Lower High Cholesterol Levels by Lowering Your Toxic Load

Filed Under: Cholesterol, Heart Health

Lower High Cholesterol Levels by Lowering Your Toxic Load

Minimizing exposure to chemicals can help lower your cholesterol levels

There is no escaping the fact that we live in a toxic world. Countless toxins exist in the air we breathe, the food we eat, the water we drink, and the chemicals we apply to our skin. And those toxins have been associated with an increased risk of cardiovascular problems including high cholesterol.

How so, you ask? Exposure to environmental toxins is thought to increase free radical activity and the oxidation of LDL cholesterol. Oxidized LDL cholesterol is considered a pivotal step in the development of heart disease because the oxidized LDL cholesterol particles can penetrate the endothelial cells lining the arteries, which contributes to—and accelerates—the inflammatory process. Over time, increased inflammation leads to the formation of arterial plaque buildup (atherosclerosis). Considering the damage environmental toxins can do to our health, therefore, I believe that detoxifying our bodies is one of the most important personal challenges of the 21st century. Fortunately, there are a number of easy and natural ways to detoxify your body. Learn five simple detoxification strategies that can help you achieve healthy cholesterol levels.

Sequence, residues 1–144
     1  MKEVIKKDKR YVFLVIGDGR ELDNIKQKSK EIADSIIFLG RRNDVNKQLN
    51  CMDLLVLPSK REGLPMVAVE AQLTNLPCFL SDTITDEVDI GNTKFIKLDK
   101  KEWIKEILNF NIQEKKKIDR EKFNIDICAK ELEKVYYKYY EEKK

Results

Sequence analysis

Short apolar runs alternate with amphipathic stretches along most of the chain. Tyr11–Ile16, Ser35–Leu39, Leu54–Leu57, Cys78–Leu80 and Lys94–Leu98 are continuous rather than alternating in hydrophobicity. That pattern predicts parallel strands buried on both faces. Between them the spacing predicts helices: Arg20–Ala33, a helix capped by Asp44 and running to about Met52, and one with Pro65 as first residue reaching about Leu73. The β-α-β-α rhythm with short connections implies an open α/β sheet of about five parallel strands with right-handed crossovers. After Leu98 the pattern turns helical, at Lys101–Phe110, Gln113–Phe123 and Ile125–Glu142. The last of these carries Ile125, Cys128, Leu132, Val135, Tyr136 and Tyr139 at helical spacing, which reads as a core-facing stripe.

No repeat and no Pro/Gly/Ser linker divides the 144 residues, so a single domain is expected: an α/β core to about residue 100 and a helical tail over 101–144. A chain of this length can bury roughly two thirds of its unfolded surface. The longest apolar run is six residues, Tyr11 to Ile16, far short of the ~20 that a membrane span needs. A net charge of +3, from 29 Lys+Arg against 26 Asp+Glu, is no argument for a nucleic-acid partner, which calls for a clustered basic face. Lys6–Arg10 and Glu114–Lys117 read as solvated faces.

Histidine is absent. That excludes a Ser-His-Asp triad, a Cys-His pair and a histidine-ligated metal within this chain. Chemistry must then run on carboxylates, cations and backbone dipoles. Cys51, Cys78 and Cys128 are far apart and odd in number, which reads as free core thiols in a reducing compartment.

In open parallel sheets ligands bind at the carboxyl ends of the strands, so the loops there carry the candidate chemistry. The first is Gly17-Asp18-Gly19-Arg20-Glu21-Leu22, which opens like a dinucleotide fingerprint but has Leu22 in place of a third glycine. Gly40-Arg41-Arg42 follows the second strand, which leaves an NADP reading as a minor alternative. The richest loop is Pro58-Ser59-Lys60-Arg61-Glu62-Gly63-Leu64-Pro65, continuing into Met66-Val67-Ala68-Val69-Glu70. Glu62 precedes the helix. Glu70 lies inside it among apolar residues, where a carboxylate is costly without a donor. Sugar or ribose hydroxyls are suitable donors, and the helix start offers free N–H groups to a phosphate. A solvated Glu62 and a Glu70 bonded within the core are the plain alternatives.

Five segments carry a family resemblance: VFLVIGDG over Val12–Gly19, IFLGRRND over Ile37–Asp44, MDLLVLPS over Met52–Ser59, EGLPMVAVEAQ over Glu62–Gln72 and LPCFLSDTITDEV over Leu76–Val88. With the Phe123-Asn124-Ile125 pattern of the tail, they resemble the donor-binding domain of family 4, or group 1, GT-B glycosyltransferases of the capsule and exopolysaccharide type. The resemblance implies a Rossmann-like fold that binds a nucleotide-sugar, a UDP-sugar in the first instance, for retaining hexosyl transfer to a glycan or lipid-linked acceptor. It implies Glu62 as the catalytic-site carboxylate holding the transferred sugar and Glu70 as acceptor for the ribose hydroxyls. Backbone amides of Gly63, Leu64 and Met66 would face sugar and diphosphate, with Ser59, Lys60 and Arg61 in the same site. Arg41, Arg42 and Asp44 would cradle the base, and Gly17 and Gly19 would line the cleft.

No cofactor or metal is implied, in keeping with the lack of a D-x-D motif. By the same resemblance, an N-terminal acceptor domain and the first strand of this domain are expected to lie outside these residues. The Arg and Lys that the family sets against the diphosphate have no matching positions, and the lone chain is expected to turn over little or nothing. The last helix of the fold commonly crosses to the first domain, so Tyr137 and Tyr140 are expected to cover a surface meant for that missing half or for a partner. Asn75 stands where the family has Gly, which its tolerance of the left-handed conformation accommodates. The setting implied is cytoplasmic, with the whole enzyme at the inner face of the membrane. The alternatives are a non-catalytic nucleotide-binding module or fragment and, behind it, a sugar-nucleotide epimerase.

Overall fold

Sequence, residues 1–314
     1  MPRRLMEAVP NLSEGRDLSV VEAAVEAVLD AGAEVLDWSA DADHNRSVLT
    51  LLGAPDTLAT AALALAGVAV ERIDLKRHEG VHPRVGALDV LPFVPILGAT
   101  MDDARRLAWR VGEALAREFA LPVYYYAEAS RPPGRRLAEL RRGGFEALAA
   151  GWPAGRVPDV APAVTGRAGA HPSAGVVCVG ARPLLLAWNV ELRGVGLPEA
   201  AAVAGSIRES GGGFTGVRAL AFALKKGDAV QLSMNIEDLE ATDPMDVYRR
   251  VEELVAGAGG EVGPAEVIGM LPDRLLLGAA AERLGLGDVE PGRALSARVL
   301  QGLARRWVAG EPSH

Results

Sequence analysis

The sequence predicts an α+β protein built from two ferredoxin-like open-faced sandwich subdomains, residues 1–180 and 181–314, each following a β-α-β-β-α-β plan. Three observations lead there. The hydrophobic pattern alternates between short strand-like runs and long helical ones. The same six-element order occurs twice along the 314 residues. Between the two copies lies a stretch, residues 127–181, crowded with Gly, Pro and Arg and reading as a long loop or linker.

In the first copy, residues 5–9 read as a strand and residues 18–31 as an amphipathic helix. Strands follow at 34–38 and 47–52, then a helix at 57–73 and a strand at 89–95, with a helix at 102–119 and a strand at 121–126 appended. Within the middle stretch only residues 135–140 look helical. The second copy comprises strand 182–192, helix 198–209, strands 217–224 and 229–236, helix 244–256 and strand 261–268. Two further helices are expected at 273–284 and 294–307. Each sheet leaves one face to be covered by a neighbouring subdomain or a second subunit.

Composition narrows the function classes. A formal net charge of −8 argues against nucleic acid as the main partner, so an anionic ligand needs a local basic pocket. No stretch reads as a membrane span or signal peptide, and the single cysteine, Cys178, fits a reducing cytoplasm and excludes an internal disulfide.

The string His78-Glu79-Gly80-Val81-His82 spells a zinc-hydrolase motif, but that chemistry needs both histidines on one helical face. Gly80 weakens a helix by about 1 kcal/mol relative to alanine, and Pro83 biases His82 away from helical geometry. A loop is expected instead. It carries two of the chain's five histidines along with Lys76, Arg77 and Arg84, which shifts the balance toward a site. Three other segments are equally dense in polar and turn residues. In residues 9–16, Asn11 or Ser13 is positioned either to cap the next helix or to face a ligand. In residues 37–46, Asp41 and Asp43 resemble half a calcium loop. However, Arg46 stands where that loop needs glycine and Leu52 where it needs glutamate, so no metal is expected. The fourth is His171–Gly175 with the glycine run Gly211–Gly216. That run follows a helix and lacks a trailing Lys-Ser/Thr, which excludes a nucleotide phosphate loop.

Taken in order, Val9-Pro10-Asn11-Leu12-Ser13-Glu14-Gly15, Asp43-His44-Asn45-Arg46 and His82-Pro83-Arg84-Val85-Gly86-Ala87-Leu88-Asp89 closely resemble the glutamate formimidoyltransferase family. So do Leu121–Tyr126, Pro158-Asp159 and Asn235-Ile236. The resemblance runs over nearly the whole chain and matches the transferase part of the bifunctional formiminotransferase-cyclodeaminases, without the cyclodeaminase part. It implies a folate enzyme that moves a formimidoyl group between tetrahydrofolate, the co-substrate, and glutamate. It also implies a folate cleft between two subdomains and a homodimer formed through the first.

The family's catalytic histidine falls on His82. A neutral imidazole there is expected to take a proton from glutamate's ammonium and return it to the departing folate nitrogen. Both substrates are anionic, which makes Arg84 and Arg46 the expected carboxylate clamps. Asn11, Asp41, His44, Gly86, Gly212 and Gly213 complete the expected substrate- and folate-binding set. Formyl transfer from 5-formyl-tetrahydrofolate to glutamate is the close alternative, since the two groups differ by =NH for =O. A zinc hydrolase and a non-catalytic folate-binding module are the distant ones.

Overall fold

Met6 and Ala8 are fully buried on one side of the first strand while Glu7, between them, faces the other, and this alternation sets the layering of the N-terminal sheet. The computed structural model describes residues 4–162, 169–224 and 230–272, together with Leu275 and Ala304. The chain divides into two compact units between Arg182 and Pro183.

More Dr. Sinatra Advice on Achieving Lower Cholesterol Levels

Want to achieve optimal cholesterol levels with your diet? Learn about the dietary changes that are necessary for healthy cholesterol levels.

Want to achieve optimal cholesterol levels with nutritional supplements? Discover which nutrients you need to add to your supplementation program to promote healthy cholesterol levels.

Want to achieve optimal cholesterol levels with exercise? Find out about the positive impact regular exercise can have on your cholesterol levels.

DISCLAIMER: The content of DrSinatra.com is offered on an informational basis only, and is not intended to be a substitute for professional medical advice, diagnosis, or treatment. Always seek the guidance of a qualified health provider before making any adjustment to a medication or treatment you are currently using, and/or starting any new medication or treatment. All recommendations are "generally informational" and not specifically applicable to any individual's medical problems, concerns and/or needs.

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